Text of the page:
As white counterparts to Grenache, Australian wines made from Marsanne and Roussanne are experiencing some success in the U.S. as well, particularly in restaurants. Beyond the quality and versatility they embody, another thing these wines have going for them is the snapshot they provide of an Australian lifestyle. “These wines have been created with local cuisine in mind—seafood, fresh produce,” says McPhate, “so this is a great way to position them in restaurants globally.” Bartscherer shares this view and says of the Yangarra wines, “These wines do best in restaurants for a couple reasons—their style is refined and well suited to food, and there’s an opportunity to hand-sell and introduce guests to more under-the-radar varieties from unexpected regions.”
Drawing Inspiration from Other European Regions
In addition to the Rhône Valley, other important areas where Australian winegrowers are finding inspiration and sourcing grape material are Italy, the Iberian Peninsula, and Greece. For example, Jim Barry Wines in Clare Valley, South Australia, began producing the first Assyrtiko in Australia in 2012. S.C. Pannell in McLaren Vale produces a blend of Tempranillo and Touriga. Interestingly, some Italian producers have even contacted Chalmers Vineyard and Nursery in northwest Victoria to request cuttings for Sangiovese clones that they weren’t able to locate in Italy.
Australia offers an array of wines that acknowledge the traditional producers of these grape varieties but bear a distinctly Australian style. Often that’s a style of approachability, which is useful as an introduction for consumers to a particular variety or as an avenue for offering wines that are ready to drink earlier than traditional expressions might be. Lopes notes that Australian versions of Italian varieties, such as Nebbiolo and Sangiovese, are “very varietally correct in general but tend to have a little bit more fruit and a little less structure—not dramatically so that you can’t recognize it as what it is”—and this, she suggests, provides an important point of difference.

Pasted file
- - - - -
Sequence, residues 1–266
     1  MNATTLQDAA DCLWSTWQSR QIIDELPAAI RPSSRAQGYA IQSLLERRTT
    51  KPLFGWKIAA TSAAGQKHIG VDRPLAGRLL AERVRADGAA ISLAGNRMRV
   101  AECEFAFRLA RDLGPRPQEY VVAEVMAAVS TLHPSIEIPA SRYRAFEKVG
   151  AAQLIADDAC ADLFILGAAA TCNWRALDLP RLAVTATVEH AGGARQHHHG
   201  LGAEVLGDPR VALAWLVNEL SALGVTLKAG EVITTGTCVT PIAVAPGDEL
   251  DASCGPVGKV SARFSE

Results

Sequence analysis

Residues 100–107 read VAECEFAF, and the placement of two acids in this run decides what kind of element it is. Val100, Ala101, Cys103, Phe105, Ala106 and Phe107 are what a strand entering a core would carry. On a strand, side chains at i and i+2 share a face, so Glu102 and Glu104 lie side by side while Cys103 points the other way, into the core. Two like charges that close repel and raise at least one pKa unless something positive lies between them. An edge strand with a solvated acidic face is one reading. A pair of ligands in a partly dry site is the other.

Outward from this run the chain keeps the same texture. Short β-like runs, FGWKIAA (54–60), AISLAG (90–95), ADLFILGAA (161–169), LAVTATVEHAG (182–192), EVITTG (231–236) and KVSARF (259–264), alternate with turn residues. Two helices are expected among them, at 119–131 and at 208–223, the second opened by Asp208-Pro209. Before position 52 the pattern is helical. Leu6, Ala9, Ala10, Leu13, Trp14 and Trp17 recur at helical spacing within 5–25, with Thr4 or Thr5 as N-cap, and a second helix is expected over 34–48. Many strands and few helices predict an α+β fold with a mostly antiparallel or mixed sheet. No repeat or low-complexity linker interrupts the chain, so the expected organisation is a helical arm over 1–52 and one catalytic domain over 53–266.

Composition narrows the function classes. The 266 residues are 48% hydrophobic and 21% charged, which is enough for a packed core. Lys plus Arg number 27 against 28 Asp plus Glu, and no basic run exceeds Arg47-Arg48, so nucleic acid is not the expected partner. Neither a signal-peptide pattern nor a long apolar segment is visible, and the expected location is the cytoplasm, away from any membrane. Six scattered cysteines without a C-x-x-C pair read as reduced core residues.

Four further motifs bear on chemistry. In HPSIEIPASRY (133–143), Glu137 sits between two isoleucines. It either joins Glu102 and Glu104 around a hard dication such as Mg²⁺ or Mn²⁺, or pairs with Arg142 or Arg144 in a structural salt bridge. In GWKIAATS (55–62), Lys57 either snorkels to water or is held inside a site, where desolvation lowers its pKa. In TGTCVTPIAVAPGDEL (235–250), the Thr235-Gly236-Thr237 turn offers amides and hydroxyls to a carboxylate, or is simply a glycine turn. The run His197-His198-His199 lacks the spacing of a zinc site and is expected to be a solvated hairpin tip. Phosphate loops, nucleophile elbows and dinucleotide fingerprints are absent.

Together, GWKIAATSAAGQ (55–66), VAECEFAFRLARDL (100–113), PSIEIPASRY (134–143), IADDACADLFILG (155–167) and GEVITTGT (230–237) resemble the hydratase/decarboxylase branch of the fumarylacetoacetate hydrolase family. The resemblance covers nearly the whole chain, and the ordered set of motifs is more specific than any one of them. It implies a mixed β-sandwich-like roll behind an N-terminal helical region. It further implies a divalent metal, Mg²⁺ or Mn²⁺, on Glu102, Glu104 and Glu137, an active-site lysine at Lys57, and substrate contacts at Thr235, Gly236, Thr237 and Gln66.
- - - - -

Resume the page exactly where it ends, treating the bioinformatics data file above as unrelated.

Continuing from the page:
Reed, speaking of taking her Nebbiolo to the U.S. market, says, “Nebbiolo has a really strong following because of Barolo, but Nebbiolo coming from Australia in a light-bodied style generates a lot of interest.” She adds that the area where she cultivates her Nebbiolo—Heathcote, in central Victoria—produces wines “so varietally correctly that it blows people’s minds.” Unlike Barolo, she says, her Nebbiolo “is not a massive red, and so it defies expectation and is literally the first thing I sell out of.”
Enthusiasm for Australia’s other grape varieties has been growing for some time in the domestic market, as evidenced by the Australian Alternative Varieties Wine Show. The show began in 2001 with a mere 63 entries; in 2018 there were more than 800, with an extraordinary number of varieties represented. Now the baton is passing to importers, retailers, and hospitality professionals in the international market—it’s their turn to represent the story of authenticity, quality, and passion as it’s unfolding in the world of Australia’s new wines. In the words of winemaker Brendan Carter of Unico Zelo in Gumeracha, South Australia, it’s “a story of Australian soils, of Australian people, and of Australian culture—and the world deserves to hear, smell, and taste it.”
Simone Madden-Grey is a freelance writer from New Zealand who now lives in Melbourne, Australia. After completing the WSET Diploma, she was awarded the HKIWSC Scholarship for earning the highest mark in Asia, and in 2018 she was the Fellow at the Australian Alternative Varieties Wine Show. As the owner of Happy Wine Woman Consultancy, she provides writing, education, and cellar management services to industry and private clients across Australia.